If you're reading this story on a smartphone, you might have a problem.
But you're not alone. Technology has become such a huge part of our lives that we're all basically never without it these days. Look up on the subway, and you'll probably see everyone buried in their smartphones. How many times have you been to a restaurant and seen a table full of people not conversing with one another but swiping away on their little devices? You probably even feel the urge to whip out your phone as you wait in the back of a ginormous line at Chipotle.
Whenever there's a lull in our day, we don't get upset because we know we have a world of entertainment literally at our fingertips. But the fact that we're never without stimulation is actually harming us. You see, the problem with always having a phone to keep you preoccupied is that you never just space out, and when you never space out, you aren't able to daydream or come up with the seemingly wacky ideas that would never come about when you're thinking in a more cognizant manner.
But we don't have to fight the good fight alone. WNYC's New Tech City show just launched its fascinating "Bored and Brilliant" challenge that will not only help you cut down on your phone time but also harness your inner creativity. By joining the "Bored and Brilliant" challenge, you will learn how to use your phone "purposefully, rather than reflexively," as New Tech City's host Manoush Zomorodi writes in an article about the challenge.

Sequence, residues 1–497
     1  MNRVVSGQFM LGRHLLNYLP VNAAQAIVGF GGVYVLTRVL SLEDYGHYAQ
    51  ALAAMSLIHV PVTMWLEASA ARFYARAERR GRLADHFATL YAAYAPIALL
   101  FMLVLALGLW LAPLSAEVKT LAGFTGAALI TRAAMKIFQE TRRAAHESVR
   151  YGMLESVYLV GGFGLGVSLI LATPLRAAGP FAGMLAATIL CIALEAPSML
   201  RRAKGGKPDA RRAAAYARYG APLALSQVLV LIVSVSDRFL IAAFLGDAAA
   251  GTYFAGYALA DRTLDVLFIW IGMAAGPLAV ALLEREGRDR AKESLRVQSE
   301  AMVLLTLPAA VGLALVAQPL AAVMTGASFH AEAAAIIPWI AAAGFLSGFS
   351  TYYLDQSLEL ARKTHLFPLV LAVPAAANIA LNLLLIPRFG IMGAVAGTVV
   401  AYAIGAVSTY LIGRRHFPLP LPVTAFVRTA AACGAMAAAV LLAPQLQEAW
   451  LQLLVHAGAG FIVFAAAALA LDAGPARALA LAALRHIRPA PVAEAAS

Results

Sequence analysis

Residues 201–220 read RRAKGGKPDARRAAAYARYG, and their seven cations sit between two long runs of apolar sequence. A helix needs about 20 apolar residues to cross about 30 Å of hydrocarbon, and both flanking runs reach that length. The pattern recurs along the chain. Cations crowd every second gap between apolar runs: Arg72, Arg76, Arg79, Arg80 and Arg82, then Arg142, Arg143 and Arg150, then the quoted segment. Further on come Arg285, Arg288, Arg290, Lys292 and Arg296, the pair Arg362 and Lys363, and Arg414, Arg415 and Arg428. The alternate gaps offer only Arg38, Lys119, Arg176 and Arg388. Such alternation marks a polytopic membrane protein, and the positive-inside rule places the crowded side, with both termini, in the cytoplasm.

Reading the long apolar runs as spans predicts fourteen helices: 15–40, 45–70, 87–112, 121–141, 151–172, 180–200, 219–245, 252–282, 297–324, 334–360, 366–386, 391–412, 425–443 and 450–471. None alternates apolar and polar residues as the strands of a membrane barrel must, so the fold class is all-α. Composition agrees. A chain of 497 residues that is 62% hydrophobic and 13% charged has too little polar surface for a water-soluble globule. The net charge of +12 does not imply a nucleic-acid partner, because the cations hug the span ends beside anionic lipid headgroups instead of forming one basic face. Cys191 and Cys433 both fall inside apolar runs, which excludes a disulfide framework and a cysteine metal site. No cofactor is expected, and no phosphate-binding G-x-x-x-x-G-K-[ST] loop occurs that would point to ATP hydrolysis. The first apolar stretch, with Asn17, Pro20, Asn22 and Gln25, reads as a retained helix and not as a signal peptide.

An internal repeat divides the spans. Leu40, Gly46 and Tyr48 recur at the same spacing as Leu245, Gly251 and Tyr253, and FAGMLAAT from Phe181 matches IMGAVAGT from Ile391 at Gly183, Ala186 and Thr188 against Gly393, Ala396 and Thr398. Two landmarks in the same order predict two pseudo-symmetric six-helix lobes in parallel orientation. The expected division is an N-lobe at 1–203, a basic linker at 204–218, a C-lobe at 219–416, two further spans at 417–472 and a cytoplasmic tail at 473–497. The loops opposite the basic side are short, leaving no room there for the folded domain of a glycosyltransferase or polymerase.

The challenge officially launched Monday, and it runs until Feb. 8, so you've still got time to participate. All you have to do is sign up for New Tech City's newsletter, which will send you daily tasks, and download either the Moment app if you're an iPhone user or BreakFree for Android users. These free apps will track how much time you spend on your phone so you truly know how obsessed you are.
Digital detoxing like this is becoming more and more popular as technology becomes a greater part of our daily routines. The NoPhone caused a stir in 2014 when it was launched on Kickstarter because it looks and feels like a phone but actually does nothing. There are tech sabbatical camps like Camp Grounded where adults can unplug for a few days in California and basically act like they're away at summer camp again. For someone that wants to start small with their digital detox, new apps, like the ones already mentioned, and browser extensions are popping up constantly to help users limit their tech time, be more productive and actually be a real human being once in a while. Remember what that feels like?
Image: Jesús León / Flickr